Standard equipment on the LX model includes remote keyless entry, power windows with auto-up/down driver’s window, dual power mirrors, adjustable steering column, front and rear air conditioning with air-filtration system, AM/FM/compact-disc four-speaker audio system, cruise control, multifunction center console with cell phone cradle, painted alloy wheels, body-color side molding and a theft-deterrent system.
Moving up to the EX, which begins at $29,545 with two-wheel drive but without leather, standard amenities include most of what comes in the LX, plus automatic climate control, rear privacy glass, a six-speaker audio system, a six-disc in-dash CD player, steering wheel-mounted audio controls, body-color side mirrors and door handles, machined-alloy wheels, roof rails, fog lights and a HomeLink universal garage/gate opener.
The EX-L model (starting at $31,845 with two-wheel drive) adds leather surfaces on all three rows of seats, a power moon roof, a conversation mirror with sunglasses holder, and, on models without the navigation system, a rearview mirror with built-in digital compass.
Inside, there is seating for eight — two up front and three each in the middle and third rows. The third row is best left to the kids, however.
A nifty feature is that the second and third seats can be folded completely into the floor to create a cargo area of 87.6 cubic feet. With just the third seat folded, there is 47.6 cubic feet of space. And even with the third seat in place, there is a respectable 15.9 cubic feet of cargo space in the rear — maybe not enough for a two-week family vacation, but probably enough for a weekend trip. Beyond that, the roof rails add cargo capability on top.
The middle and third seats have a 60/40 split, so you can add some cargo space while retaining some seating capability. Either side of the 60/40 split can be folded flat into the floor.
Like the MDX — whose prices begin at $37,125 (plus freight) — the Pilot is based on the chassis and vehicle platform of the Odyssey minivan, which itself is based on the chassis of the previous-generation Accord sedan. There is a strong family resemblance between the Odyssey and the Pilot, but neither one looks like an Accord.
The heritage of the Accord is evident, though, in the ride and handling of the Pilot. Its car-based platform allows for a smooth, comfortable ride, much more so than in comparably sized and priced truck-based sport utilities such as the Ford Explorer and Toyota 4Runner, among others. With the Pilot, there is no extra charge for the third row seat; it’s optional in most of the competition, and not even offered in the Murano.. Honda dealers say they were told originally that the Pilot’s top competitors would be the Highlander, Explorer, Chevrolet TrailBlazer and Dodge Durango, but they have found their customers cross-shopping the Pilot against more-expensive SUVs such as the Lexus RX 330 and Mercedes-Benz ML350. But because the Pilot is so similar to the MDX, which competes directly with the RX 330 and ML350, such comparisons aren’t surprising.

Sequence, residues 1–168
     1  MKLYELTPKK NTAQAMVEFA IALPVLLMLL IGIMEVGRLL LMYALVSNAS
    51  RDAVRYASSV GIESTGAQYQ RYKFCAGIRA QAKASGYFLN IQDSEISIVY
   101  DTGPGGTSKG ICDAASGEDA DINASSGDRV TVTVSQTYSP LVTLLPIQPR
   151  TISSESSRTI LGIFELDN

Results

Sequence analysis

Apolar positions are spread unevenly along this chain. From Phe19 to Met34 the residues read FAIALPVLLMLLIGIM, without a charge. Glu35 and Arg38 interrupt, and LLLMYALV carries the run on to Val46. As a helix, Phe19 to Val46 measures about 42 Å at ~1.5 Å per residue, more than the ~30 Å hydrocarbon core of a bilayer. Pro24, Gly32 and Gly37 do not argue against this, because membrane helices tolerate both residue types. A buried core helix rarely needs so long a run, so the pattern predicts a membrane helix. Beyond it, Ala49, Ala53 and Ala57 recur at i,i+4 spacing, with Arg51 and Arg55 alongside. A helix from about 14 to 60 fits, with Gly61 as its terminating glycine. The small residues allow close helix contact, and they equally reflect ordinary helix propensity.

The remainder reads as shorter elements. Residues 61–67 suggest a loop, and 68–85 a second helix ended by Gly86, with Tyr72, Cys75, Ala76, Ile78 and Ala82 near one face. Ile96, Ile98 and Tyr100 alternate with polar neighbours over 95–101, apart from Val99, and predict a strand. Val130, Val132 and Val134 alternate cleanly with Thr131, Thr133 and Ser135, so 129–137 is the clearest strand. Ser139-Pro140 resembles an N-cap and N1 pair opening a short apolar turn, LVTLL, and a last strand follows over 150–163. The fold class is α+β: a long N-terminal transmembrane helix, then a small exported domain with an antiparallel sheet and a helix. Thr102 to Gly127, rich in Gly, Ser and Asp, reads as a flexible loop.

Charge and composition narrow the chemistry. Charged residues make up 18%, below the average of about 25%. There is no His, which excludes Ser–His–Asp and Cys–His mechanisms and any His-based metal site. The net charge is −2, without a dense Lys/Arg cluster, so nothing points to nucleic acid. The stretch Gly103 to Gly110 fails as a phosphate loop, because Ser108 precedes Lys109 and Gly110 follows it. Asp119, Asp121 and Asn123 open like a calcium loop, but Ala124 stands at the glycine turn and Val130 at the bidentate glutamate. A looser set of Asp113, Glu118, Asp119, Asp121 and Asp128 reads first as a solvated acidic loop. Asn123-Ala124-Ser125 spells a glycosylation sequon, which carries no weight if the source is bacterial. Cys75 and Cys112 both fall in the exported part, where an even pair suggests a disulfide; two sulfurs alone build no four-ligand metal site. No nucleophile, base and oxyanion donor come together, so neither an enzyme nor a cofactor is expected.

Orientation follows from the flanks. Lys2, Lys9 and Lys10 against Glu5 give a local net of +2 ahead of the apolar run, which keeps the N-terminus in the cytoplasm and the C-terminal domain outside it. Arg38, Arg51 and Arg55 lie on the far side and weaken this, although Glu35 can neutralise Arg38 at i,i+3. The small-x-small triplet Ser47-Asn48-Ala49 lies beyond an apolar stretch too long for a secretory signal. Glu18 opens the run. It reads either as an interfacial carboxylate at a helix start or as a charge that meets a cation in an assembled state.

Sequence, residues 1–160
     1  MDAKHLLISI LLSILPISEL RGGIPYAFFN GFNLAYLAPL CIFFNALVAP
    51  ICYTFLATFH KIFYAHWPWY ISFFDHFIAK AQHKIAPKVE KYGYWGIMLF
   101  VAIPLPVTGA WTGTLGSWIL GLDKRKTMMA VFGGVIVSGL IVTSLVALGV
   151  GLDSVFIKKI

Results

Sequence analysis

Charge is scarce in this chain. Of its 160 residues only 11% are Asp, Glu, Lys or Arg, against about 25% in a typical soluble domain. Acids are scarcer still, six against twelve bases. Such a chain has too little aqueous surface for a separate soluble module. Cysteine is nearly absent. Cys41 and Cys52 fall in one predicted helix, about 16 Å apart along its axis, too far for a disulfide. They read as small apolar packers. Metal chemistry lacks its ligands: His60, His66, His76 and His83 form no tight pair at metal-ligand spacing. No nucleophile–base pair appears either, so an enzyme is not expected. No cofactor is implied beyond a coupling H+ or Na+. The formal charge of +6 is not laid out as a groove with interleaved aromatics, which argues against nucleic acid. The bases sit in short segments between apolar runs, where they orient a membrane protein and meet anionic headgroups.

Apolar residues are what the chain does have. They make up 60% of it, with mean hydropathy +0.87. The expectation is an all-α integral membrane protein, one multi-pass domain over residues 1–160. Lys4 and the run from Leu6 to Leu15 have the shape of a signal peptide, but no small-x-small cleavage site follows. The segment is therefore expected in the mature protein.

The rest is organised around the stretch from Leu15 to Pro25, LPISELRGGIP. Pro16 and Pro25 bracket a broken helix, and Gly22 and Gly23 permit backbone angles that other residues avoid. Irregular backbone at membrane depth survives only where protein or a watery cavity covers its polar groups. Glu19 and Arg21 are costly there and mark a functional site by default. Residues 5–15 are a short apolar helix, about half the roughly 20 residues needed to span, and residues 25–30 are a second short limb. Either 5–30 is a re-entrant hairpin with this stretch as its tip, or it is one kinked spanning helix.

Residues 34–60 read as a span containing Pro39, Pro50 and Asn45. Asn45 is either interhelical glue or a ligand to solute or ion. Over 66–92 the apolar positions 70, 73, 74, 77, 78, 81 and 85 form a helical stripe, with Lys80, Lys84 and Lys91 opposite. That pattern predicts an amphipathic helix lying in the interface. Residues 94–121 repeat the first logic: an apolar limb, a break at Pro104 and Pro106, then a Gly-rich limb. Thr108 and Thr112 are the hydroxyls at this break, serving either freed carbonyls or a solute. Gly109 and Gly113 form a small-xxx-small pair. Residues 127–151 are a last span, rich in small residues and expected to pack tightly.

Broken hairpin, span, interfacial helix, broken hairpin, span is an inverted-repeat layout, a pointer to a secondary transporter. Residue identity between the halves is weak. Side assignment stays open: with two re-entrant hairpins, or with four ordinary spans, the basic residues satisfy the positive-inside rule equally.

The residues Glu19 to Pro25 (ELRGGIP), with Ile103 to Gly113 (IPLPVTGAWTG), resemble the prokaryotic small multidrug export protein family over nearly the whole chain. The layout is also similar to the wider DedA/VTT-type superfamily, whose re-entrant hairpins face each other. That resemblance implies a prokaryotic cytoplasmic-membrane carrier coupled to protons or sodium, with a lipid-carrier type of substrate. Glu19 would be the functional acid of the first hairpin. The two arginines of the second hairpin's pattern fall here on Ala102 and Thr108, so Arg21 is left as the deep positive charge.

The fuel tank holds 19.2 gallons of gasoline, and regular unleaded is acceptable. G. Chambers Williams III is staff automotive columnist for the San Antonio Express-News and former transportation writer for the Star-Telegram. His automotive columns have appeared regularly in the Star-Telegram since 1995. Contact him at (210) 250-3236 or email@example.com.
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2006 Honda Pilot
The package: Midsize, five-door, eight-passenger, front- or all-wheel-drive, V-6 powered sport-utility vehicle.
Highlights: Significantly revised for 2006, the Pilot is similar to Acura’s upscale MDX sport utility, but with less content and a lower price. This one is a Honda product from the ground up, with good performance and comfortable ride. It is on the same chassis platform as the Honda Odyssey minivan, which was derived from a previous-generation Accord. As usual, Honda quality is the vehicle’s strongest point.
Negatives: Third seat is too small for adults to sit comfortably.
Engine: 3.5-liter V-6, with cylinder deactivation in two-wheel-drive models.
Transmission: Five-speed automatic.
Brakes, front/rear: Disc/disc, antilock.
Power/torque: 244 hp/240 foot-pounds.
Length: 188.0 inches.
Curb weight: 4,264-4,497 pounds.
Cargo volume: 15.9 cubic feet (behind 3rd seat).
Towing capacity: 3,500 pounds.
Major competitors: Toyota Highlander, Nissan Murano, Buick Rendezvous, Ford Freestyle, Subaru B9 Tribca.
EPA fuel economy: 18 miles per gallon city/24 mpg highway (2WD); 17 city/22 highway (4WD).
Fuel capacity/type: 19.2 gallons/unleaded regular.
Base price: $26,995 plus $550 freight (LX model).
Price as tested: $35,795, including freight (EX model with leather interior and navigation system).
On the road rating: ***** (five stars out of five)
Prices shown are manufacturer’s suggested retail; actual selling prices may vary.